Shearer came close to shock return to management with Cardiff

 

Alan Shearer came close to making a remarkable return to management with Championship side Cardiff City, who held talks with the former England captain over the last two days.

The 40-year-old discussed a two-year deal with the Welsh team who were on the brink of appointing Watford's Malky Mackay before Shearer made his interest in the job known. Shearer's sole experience of management came in his short-lived caretaker role with Newcastle United that ended with their relegation in May 2009.

It is understood that Shearer's agent Simon Bayliff was in Cardiff last night negotiating a deal with the club's Malaysian owners. The former Newcastle coach Tommy Craig and Stuart Gray, who played with Shearer at Southampton, and later managed the club, were candidates to be his assistants.

Cardiff were taken over by Malaysian investors in May last year and are now under the chairmanship of investor Dato Chan Tien Ghee – known as "TG" – who sacked manager Dave Jones last month. The process of appointing a manager has been left to chief executive Gethin Jenkins and director Alan Whiteley who had previously been close to appointing Mackay, who impressed at Watford last season.

The club are again one of the favourites for promotion next season having finished fourth last season and any new manager is expected to be given around £20m for transfers and wages.

A Match of the Day pundit since his retirement from playing in 2006, Shearer has turned down a variety of jobs including the chance to be Steve McClaren's assistant when he became England manager in 2006. After the World Cup final last summer he was one of the English coaches suggested to be introduced to Fabio Capello's staff but declined the opportunity to be considered.

The on-loan Manchester City striker – and Cardiff-born crowd favourite – Craig Bellamy had been suggested as a successor to Jones but that always looked remote. Manchester City are resolved to sell the player now and there is little prospect of him returning on loan to Cardiff next season. Bellamy famously fell-out with Shearer when the two played together at Newcastle.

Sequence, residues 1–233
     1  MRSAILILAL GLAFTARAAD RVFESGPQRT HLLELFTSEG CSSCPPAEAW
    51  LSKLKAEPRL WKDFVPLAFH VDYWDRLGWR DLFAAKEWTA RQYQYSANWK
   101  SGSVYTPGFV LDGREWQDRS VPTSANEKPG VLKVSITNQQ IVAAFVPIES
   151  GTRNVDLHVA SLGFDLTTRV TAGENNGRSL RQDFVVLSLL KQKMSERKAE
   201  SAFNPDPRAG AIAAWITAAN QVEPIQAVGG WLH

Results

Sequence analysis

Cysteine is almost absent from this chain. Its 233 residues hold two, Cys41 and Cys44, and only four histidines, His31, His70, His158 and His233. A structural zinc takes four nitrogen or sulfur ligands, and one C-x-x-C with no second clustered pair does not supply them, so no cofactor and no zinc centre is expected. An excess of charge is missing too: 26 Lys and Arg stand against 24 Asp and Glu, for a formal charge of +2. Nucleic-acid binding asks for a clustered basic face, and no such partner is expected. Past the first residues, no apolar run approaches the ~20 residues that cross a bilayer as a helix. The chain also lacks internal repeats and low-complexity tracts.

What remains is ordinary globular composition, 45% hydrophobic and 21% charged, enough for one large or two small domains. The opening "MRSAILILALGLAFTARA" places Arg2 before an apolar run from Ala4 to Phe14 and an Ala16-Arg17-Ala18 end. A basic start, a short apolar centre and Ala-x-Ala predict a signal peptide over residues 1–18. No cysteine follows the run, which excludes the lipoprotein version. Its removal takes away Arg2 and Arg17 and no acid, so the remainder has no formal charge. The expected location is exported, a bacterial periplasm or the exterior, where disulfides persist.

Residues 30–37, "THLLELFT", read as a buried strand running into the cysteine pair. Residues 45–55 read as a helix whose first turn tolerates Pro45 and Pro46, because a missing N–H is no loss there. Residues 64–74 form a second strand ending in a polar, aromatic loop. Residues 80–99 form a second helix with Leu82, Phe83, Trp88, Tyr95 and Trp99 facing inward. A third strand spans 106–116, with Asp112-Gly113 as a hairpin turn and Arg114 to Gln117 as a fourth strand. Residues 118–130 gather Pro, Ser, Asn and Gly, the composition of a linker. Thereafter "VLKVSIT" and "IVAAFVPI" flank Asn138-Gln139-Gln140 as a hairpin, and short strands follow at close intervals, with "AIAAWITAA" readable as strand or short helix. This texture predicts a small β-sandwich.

Cardiff are also backed by the billionaire Vincent Tan. There are bold plans for the club to tour the Far East this summer with the hope that the wealthy investors can ease them out of their financial difficulties. They faced two winding-up orders over unpaid tax last year under previous chairman Peter Ridsdale.

The move for Shearer might capture the imagination of Cardiff fans but was a risky choice. He was in charge of Newcastle for only eight games and while he inherited a beleaguered, poorly-motivated group of players, Shearer's team earned just five points from a possible 24. He was given special dispensation then to manage despite not having obtained his Uefa Pro License and as of last night it was not clear whether he had completed his qualification since.

Shearer was linked with the vacant Blackburn Rovers job when Sam Allardyce was sacked in December. His appetite for a career in management has often been questioned because of the comfortable role he fulfils alongside Gary Lineker and Alan Hansen – neither of whom have management ambitions – on Match of the Day. However, it has always been Shearer's intention to be a manager.

His appointment would have added to an interesting pool of managers in the Championship next season, including Allardyce at West Ham, McClaren at Nottingham Forest and Leicester City's Sven Goran Eriksson. Newly-relegated Birmingham City also likely to appoint a high-profile replacement for Alex McLeish. Cardiff reached the FA Cup final in 2008, losing 1-0 to Portsmouth and lost in the play-off finals last year. They were last in the top flight in 1962.

PROMOTED VIDEO
Have you tried new the Independent Digital Edition apps?
News
Rob Lowe
peopleRob Lowe hits out at Obama's snub of Benjamin Netanyahu
Sport
football
News
Davies (let) says: 'Everybody thought we were having an affair. It was never true!'